LCC & The Times Transport Hustings

Green light for cycling at London’s Transport Hustings: pledges to LCC reaffirmed, funding promised and cycling commissioner to be appointed.

More cycle use will benefit all Londoners by reducing congestion and improving health and air quality – that’s the message from leading Mayoral candidates who both backed LCC’s three point programme for improving cycle use and promised to sustain and increase investment in cycling. 

The full livestream of the event, via The Times' Facebook page is viewable here:

Speaking at the last hustings of the Mayoral race, organised by LCC in conjunction with the Times newspaper,  the leading candidates, Sadiq Khan (Labour)  and Zac Goldsmith (Conservative) both reaffirmed their commitment to meet LCC’s three point agenda, as part of the Sign for Cycling campaign,’ as did Sian Berry (Green) , Caroline Pidgeon (Lib Dem) and Sophie Walker (Women’s Equality). The LCC three-point agenda asked for commitments to : 


  • Triple the number of miles of protected cycle lanes on London’s roads, to help people of all ages and abilities access the road network by bike.
  • More ‘mini-Hollands’ to create cycle friendly town centres in every borough
  • An end to lorry danger  by upgrading the Safer Lorry Scheme and using planning powers over major construction projects so that only the safest lorries, with ‘Direct Vision’ cabs and minimal ‘blind spots’, are allowed onto London’s streets.


The debate was chaired by Emma Tucker of the Times,  with introductions by Dr Ashok Sinha , CEO of the London Cycling Campaign who said: 

“This could be a historic moment, one at which the argument has shifted from ‘should we adopt?’ a Dutch-style approach to unlocking cycling’s potential ‘how can we do it as quickly as possible?’. Whoever wins the election Londoners can expect to see a big expansion in programmes to make our city safer for cycling. It will be LCC’s top priority to work with the next Mayor to help them keep their promises.”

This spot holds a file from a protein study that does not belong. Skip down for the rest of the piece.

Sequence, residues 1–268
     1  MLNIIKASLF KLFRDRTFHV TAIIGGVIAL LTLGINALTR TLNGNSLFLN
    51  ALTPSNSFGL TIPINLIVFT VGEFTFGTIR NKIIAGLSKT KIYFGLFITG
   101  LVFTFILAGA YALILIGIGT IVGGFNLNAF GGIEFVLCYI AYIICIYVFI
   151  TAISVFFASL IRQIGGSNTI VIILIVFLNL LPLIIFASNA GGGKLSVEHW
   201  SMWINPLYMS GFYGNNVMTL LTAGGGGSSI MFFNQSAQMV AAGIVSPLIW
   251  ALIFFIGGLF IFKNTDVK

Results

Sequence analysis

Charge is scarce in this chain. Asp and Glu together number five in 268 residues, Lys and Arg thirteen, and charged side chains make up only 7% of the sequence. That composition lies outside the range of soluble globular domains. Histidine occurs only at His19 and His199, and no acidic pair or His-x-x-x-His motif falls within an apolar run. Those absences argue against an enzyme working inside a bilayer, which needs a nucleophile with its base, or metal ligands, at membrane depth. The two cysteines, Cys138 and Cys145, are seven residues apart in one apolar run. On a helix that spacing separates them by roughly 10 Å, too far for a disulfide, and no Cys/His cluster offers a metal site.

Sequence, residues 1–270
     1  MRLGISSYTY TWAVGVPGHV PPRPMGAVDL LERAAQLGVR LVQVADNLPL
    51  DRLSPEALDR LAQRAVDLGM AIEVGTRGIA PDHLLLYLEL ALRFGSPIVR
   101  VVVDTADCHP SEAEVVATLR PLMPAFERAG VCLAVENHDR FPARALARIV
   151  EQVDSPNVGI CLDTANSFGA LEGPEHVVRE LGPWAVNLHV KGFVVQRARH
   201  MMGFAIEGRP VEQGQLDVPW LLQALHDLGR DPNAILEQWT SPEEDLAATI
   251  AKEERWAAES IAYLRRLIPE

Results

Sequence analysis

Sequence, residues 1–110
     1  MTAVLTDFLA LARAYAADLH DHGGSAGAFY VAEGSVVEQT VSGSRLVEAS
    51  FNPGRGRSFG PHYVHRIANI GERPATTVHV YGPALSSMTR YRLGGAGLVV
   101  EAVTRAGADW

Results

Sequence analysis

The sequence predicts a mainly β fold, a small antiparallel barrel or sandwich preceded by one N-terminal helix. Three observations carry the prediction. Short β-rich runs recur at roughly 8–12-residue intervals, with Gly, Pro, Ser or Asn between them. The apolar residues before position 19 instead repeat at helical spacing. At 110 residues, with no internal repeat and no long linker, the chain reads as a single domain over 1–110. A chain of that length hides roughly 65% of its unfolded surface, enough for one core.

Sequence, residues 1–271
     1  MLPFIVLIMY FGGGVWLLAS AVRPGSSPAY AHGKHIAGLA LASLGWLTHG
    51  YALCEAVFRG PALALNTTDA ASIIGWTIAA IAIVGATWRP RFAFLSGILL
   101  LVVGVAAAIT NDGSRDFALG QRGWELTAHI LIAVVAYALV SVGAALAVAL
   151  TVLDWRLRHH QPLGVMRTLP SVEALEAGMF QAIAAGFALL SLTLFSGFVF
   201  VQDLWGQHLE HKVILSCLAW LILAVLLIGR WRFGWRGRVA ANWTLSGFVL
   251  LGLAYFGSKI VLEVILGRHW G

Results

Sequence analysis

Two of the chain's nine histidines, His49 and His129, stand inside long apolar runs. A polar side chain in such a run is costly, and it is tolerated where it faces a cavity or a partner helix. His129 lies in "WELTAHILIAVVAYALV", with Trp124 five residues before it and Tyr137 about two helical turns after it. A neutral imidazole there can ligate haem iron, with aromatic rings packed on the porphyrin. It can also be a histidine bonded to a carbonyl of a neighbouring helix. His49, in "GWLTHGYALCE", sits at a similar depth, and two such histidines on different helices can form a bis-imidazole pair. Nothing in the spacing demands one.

The debate and candidates’ positions on key issues:

A Cycling Commissioner and TfL

The two leading contenders, along with Caroline Pidgeon and Sian Berry, also promised to appoint a cycling (or cycling and walking) Commissioner in response to a suggestion from Boris Johnson (who himself appointed Andrew Gilligan). Pidgeon  additionally said that TfL’s cycling teams should not be run by “men who like buses“. Peter Whittle (UKIP) said he would  reduce the number of deputy mayors  and Sophie Walker argued for a 50/50 male female TfL board. 

There was some talk, particularly from Pidgeon, on the need for strong leadership and commitment politically to counter opposition. Goldsmith however felt that many large schemes faced opposition because of poor consultation.

London Cycling Campaign

There were repeated references to the work of LCC and its volunteers over the past four years in particular, following the Love London, Go Dutch campaign; which was influential in ensuring the level of high quality cycling infrastructure we’re seeing today. Goldsmith praised LCC for its lobbying effort for improved cycling conditions while Pidgeon credited LCC for the campaign to make the cycle Superhighways more than just blue paint.